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Friday, April 26, 2013

Kathleen Thompson on Spalding's MFA Workshop

Kathleen Thompson, M.F.A. continues her insights on her Paris trip and writing.
The structure of the Spalding MFA brief residency workshop is worth talking about. You may not ever attend a formal workshop but it’s easy to emulate the procedure in your critique groups. Alabama’s own Hudson Strode, first professor in the Southeast to have a novel accepted in lieu of a thesis used a similar model. You would simply do this on a smaller scale. Each workshop has one or two mentors, depending upon size of the group. Most critique groups have a facilitator.


Louella Bryant, author of several children’s books and more recently a creative nonfiction work, While in Darkness There is Light: Idealism and Tragedy on an Australian Commune, led our cross-genre workshop. I already hold an MFA in Fiction and have two poetry chapbooks published and one full-length poetry book, plus I’ve written two novels and a collection of short stories in manuscript form, so it was logical for me to study cnf, right? Well, what writer do you know who is logical? Of course, there was no logic in it, no more logic than you’d find in the colors of a tie-dyed shirt, except that I’ve had several personal essays published during the past year, and it suits me to write short true pieces.


A few weeks before the workshop, participants receive what is termed the worksheet. It consists of 20-25 pages of work from each participant. These pages may not be published work, nor should the work be brand new, but should be edited as well as the writer can manage on his own. Each participant is required to read and annotate the pages once, to read the pages a second and third time, and finally to write at least one-half page of comments or suggestions about each piece. This is the most thorough consideration of her work a writer could hope for, except for the one-on-one she will receive from her mentor during the remainder of the semester.


Sena Jeter Naslund is the Director of the Spalding writing program, and she sets the tone and philosophy of the workshop and teaching: be positive, be generous with praise, yet, be objective with suggestions for improvement if you think improvement is needed. On opening night of each residency she always says, “Your competition is not in this room. It’s over in the library.” It is a known fact that if you start a critique with a negative comment, the rest of what you say will not be heard. It’s human nature. So the student whose work is last in the worksheet is the first to start the critique and everyone chimes in with what they perceive as the strengths of the piece. Following that are suggestions for change. Finally, the author is allowed, not to argue his points, but to clarify any huge misunderstandings or ask questions of the group.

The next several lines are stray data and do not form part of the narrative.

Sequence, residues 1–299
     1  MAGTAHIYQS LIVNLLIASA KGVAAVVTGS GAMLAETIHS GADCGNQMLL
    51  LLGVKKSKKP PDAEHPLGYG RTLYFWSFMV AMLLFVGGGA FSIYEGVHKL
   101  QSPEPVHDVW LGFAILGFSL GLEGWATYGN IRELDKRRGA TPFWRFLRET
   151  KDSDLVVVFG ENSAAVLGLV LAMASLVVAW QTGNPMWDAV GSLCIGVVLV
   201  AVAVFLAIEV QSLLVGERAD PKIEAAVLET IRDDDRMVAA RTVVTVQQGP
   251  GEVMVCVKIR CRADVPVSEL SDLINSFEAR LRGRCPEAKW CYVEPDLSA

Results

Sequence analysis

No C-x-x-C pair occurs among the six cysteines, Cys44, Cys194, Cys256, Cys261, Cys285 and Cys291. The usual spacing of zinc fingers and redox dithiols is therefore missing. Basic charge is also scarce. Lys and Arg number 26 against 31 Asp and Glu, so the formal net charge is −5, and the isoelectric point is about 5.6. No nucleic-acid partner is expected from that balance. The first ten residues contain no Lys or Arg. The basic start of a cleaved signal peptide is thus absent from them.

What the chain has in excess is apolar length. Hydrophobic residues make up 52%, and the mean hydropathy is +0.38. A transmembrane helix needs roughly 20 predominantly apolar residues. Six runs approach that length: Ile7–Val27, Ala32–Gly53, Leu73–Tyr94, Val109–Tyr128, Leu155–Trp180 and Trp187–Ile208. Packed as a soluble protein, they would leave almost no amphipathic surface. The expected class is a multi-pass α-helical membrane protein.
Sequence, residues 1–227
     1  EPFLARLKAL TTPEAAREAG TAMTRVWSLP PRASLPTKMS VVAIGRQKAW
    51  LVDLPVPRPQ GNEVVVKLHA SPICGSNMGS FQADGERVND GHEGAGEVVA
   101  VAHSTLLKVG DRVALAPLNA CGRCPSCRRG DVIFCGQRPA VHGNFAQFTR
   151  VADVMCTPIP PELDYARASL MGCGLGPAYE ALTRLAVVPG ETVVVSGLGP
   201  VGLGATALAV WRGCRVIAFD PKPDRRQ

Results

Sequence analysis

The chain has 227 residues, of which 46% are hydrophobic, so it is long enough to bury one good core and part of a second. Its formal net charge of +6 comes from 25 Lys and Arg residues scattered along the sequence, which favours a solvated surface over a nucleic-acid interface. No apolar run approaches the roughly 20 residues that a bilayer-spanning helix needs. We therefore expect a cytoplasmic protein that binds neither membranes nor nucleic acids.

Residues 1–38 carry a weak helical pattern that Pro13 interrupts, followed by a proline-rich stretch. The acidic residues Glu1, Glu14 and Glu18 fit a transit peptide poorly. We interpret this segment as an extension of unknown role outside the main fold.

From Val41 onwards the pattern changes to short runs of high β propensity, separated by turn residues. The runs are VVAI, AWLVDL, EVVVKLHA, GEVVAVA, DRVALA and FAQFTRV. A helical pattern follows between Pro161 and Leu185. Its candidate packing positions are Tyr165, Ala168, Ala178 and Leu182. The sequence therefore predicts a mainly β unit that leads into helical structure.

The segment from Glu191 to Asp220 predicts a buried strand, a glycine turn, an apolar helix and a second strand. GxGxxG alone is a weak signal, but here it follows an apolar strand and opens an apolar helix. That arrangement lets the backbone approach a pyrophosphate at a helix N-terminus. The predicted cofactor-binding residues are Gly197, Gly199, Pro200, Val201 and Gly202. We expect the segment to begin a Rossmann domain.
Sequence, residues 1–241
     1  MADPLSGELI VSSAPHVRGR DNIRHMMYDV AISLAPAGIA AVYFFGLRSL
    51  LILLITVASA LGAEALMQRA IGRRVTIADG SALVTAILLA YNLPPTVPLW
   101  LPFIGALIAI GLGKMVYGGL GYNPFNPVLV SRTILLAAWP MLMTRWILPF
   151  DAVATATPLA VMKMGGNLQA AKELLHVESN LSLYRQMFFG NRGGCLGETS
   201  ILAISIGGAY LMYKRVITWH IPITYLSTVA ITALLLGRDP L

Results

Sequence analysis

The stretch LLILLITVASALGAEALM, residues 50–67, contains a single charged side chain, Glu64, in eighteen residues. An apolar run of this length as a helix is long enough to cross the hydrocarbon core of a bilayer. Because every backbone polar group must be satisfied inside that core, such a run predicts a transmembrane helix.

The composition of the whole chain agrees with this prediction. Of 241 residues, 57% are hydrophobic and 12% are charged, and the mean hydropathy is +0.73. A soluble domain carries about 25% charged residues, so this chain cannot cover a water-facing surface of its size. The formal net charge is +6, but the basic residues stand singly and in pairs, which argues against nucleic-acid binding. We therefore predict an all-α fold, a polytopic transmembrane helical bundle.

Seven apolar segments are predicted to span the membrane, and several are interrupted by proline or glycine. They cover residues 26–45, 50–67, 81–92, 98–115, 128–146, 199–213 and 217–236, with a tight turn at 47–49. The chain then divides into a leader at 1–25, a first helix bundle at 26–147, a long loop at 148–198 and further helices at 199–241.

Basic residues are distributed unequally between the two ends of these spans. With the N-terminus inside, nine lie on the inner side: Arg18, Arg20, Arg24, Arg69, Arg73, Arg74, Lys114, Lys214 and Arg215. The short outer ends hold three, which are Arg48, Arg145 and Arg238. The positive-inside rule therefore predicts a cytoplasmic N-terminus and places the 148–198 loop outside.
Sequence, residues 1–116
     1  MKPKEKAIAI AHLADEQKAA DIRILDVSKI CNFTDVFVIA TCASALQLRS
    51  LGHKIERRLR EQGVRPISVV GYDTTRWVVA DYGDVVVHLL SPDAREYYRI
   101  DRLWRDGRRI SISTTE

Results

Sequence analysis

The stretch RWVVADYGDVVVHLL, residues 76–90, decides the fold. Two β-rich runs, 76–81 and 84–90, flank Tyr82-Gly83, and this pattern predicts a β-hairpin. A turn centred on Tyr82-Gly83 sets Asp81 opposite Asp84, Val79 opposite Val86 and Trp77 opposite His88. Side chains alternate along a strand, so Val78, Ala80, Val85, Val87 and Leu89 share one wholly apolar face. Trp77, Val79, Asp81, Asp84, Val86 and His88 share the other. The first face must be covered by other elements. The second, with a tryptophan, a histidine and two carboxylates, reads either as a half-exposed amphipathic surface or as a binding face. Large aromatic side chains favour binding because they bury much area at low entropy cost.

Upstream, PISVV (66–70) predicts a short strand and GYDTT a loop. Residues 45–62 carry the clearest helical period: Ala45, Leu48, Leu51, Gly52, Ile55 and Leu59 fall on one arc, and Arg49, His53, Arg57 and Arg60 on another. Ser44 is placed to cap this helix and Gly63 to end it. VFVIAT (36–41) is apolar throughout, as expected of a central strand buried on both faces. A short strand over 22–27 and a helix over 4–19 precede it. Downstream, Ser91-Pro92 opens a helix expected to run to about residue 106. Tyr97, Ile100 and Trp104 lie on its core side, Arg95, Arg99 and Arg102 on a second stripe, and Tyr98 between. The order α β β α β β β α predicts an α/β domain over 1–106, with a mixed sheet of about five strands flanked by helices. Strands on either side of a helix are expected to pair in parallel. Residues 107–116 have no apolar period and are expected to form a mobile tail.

That final step in the one-hour critique is the weak point of most groups I’ve been a part of. Authors, if given half a chance, will defend what they’ve written and how they’ve written it until the group grows long in the tooth. That seems so strange to me. In this case group members have paid good money to be in the workshop so it behooves them to accept as much as they can and at least consider the suggestions. A mentor at Spalding said it well, “Trust the impulse, but question the suggestion.” As the author you are always free not to do what is suggested to improve the work, but as the author you would be smart to take a second look if more than one person is confused after reading the same portion of your manuscript. It is always the author, and only the author, who will know what kind of ointment to apply to the ailing lines. Sena told me once that you should think of revision not only as cutting away material but also as adding to the material. Clarification is good either way.


On the last meeting day of the workshop, each participant is asked to revise one page according to the suggestions given by the group. The digital world has changed everything. Ellie had us post our revised pages into Dropbox so that we could view them on our computers or iPhones with a code we were provided for Wi-Fi while in Reid Hall. It was amazing to see how the other seven students had incorporated our suggestions for change into their work, and what a striking difference it made.